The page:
Harmony purchased the park in October 2022 for $1.4 million, the lawsuit states. Several residents – who are not already under eviction proceedings – received a 12-month eviction notice. Harmony said it is closing the park and intends to sell.

Other tenants received five-day or seven-day notices to vacate. The lawsuit states that Stockton-based Harmony did not follow proper eviction law. The residents are asking a judge for a preliminary and permanent injunction from enforcing the eviction notices. The lawsuit also wants Harmony to be penalized $2,000 per violation as the law allows.

RE: Fresno, California / La Hacienda Mobile Estates / Harmony Communities

Tue, Apr 18, 2023 – A north Fresno mobile home park is set to close within 12 months, with several residents receiving new eviction notices last week.

Harmony Communities sent the notice to several renters demanding they leave the park within the next year. Some residents did not receive the new notice because they are already fighting the landlord on existing eviction notices.

The notice reads: ‘La Hacienda Mobile Estates, LLC… is exercising its right to terminate your tenancy for the purpose of permanently closing the Park.’

The land at 104 E. Sierra Avenue used to be zoned for a trailer park. It is now zoned as “CMX,” corridor/center mixed-use. It is unclear when the land was rezoned.

Tue, Dec 27, 2022 – A Fresno mobile home park which saw some of the city’s worst living conditions after years of neglect is now under new ownership. But residents still have questions about their future at the park.

The conditions at the park were dire enough to force the City of Fresno to take over enforcement of all mobile home parks. The California Department of Housing and Community Development typically has full control of mobile homes.

A court-appointed receiver later listed the property for sale and in October, it was officially handed over to Harmony Communities – a Stockton-based company that manages more than 30 parks across California, Nevada and Oregon.

Fri, May 20, 2022 – A judge has authorized the sale of a local mobile home park at the center of an affordable housing battle to a national corporate landlord, dealing a blow to residents, lawyers and housing advocates who had hoped their bid for a cooperative – in which tenants each own a piece of the property – could become a model for a city short on housing solutions.

For months, residents of the Trails End Mobile Home Park feared a purchase from Harmony Communities, a Stockton-based mobile home operating company with 33 properties primarily in the West. Trails End marks its third property in the Fresno area. It has slowly grown into one of the larger mobile home-owning operators in the country, at times acquiring parks, renovating them and raising rents in the process.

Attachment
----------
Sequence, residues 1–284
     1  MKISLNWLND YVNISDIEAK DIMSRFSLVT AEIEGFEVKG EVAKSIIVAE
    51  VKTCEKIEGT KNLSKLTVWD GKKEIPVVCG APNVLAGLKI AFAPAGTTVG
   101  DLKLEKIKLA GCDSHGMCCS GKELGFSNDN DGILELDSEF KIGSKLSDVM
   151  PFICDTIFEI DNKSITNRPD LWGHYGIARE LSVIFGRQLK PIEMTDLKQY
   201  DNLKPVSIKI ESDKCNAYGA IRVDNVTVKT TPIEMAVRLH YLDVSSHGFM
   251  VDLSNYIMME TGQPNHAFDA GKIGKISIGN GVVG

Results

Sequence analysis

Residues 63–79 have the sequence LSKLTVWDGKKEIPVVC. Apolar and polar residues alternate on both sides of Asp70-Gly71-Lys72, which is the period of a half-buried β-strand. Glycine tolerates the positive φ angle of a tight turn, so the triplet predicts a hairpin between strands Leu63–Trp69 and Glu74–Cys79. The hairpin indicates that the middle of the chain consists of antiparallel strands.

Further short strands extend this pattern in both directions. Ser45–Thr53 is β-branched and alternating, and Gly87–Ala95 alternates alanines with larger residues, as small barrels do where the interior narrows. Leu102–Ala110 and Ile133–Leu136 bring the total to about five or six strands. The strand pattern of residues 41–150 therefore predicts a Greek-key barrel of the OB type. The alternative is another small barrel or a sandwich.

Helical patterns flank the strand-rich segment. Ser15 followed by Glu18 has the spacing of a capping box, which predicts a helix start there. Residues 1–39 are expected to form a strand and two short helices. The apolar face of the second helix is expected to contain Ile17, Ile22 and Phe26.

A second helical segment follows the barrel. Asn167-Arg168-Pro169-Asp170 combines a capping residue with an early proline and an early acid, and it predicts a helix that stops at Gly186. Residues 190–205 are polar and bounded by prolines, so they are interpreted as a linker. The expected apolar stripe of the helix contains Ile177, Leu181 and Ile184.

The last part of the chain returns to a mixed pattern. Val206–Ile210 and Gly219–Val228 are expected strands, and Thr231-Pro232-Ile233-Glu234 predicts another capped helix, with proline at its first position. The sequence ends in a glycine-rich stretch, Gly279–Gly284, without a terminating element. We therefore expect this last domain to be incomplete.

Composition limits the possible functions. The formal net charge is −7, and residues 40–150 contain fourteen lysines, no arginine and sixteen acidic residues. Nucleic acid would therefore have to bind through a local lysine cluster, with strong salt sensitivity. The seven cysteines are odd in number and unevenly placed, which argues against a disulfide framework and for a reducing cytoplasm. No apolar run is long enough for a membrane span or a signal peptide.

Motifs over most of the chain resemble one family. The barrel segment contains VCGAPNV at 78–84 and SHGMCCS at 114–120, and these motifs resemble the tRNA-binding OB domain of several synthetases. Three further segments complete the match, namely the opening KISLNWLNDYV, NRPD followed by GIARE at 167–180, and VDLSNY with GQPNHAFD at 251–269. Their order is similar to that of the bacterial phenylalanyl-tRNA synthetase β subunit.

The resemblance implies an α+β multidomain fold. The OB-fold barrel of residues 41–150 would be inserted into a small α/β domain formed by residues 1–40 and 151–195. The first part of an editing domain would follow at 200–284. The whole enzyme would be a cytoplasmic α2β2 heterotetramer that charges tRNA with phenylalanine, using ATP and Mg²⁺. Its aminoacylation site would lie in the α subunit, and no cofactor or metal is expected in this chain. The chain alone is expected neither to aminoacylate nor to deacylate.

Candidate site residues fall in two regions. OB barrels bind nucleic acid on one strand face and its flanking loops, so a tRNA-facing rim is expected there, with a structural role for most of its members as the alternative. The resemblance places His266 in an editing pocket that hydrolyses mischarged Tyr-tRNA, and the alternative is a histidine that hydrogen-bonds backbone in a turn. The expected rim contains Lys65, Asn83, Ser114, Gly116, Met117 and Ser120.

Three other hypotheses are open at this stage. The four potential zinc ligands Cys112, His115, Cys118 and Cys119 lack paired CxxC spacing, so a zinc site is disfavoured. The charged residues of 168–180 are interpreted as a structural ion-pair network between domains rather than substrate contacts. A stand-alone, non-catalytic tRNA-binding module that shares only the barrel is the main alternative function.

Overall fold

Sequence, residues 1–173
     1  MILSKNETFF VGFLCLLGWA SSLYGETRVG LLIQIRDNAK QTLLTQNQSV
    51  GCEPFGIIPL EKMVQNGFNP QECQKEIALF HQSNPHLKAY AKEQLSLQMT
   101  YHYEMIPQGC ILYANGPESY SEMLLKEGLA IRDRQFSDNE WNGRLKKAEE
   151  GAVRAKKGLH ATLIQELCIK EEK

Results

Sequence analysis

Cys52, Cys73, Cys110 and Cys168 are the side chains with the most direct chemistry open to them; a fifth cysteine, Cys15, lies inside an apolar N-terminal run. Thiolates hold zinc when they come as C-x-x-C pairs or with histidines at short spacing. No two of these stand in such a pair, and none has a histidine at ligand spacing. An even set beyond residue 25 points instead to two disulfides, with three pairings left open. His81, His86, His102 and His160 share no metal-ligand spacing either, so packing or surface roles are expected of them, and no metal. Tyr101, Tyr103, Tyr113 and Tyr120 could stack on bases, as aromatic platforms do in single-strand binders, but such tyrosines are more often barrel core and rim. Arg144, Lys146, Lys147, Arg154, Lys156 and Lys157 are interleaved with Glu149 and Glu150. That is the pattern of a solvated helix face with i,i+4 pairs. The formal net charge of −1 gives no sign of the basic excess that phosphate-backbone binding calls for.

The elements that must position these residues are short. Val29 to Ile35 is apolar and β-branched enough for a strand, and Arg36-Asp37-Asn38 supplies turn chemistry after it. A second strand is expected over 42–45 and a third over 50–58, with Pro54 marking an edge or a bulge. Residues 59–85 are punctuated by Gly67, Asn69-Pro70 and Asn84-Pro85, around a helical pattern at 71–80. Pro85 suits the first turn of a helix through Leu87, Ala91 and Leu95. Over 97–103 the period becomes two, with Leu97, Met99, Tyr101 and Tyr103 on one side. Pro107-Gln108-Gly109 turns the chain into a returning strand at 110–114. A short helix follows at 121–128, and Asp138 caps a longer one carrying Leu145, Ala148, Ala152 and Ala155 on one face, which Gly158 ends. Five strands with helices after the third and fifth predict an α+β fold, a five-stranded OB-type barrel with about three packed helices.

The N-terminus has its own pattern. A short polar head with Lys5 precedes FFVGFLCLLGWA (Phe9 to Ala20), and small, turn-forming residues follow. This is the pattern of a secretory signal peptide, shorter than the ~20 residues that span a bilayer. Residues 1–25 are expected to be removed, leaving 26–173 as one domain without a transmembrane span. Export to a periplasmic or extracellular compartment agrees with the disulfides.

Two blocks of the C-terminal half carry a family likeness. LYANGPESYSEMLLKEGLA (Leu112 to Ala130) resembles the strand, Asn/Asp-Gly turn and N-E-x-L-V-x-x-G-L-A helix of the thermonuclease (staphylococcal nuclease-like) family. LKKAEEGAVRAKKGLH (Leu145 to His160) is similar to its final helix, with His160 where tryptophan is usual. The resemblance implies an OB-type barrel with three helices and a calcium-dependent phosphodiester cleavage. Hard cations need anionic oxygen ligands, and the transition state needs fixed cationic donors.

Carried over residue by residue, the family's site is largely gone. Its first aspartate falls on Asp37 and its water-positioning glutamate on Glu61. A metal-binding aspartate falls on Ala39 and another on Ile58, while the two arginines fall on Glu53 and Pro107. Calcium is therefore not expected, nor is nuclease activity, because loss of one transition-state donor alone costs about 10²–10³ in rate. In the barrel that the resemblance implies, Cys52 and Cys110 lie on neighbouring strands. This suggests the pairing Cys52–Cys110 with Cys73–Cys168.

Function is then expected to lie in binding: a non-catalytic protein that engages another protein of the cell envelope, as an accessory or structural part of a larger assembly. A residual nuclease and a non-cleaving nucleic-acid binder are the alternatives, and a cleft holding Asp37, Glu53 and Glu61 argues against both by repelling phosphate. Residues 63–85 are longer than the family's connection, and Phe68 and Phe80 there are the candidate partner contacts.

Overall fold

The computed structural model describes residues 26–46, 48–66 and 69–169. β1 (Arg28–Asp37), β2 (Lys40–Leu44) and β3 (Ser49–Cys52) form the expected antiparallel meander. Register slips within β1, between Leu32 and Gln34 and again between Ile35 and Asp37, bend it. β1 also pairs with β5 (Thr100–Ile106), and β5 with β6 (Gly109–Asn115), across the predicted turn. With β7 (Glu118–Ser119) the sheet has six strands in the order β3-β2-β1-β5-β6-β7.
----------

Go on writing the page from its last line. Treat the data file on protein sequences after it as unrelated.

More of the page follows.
Families living at the park, who traveled in a caravan of vehicles from their homes in the north part of the city, tightly packed four rows of wooden benches inside a downtown Fresno courtroom after weeks of anticipation, wearing stickers with the number of their mobile home on their chests. The night before, they had met with local housing advocates, as they had nightly for several weeks, preparing for one of two scenarios: convincing the judge of their ownership plan, or walking away with new landlords and considering what options, if any, they had left. After a roughly 30-minute discussion among attorneys for the park owners, the city and the tenants, Judge Kristi Culver Kapetan determined she would approve the sale to Harmony Communities, prompting an eruption of tears and frustration from those who had tried to put together an alternative purchase.

Tue, May 10, 2022 – A disappointed crowd of Trails End residents and supporters left the Fresno County Superior Courthouse Tuesday afternoon after a judge allowed for the sale of their mobile home park to Harmony Communities.

Trails End suffered two fires in April and June of last year. Five homes were destroyed and one person died.

Trails End has been under receivership, which means a third party took control from the current owners. The receiver, Mark Adams, has been working to make necessary safety improvements in preparation for the sale of the mobile home park to Harmony.

People living at Trails End were hoping to purchase the park themselves through a co-op, but the group helping them was not able to put together a viable offer in the eyes of the court.

Wed, Nov 18, 2021 – A deadly fire at the Trails End Mobile Home Park in April spurred Fresno government leaders into taking over code enforcement responsibilities at all mobile home parks in the city. Here’s a timeline of the Trails End Mobile Home Park case and what will happen next:

Tue, Nov 17, 2021 – After being neglected for years, the Trails End Mobile Home Park, the site of a deadly fire in April and June, is now in the hands of a court-appointed receiver.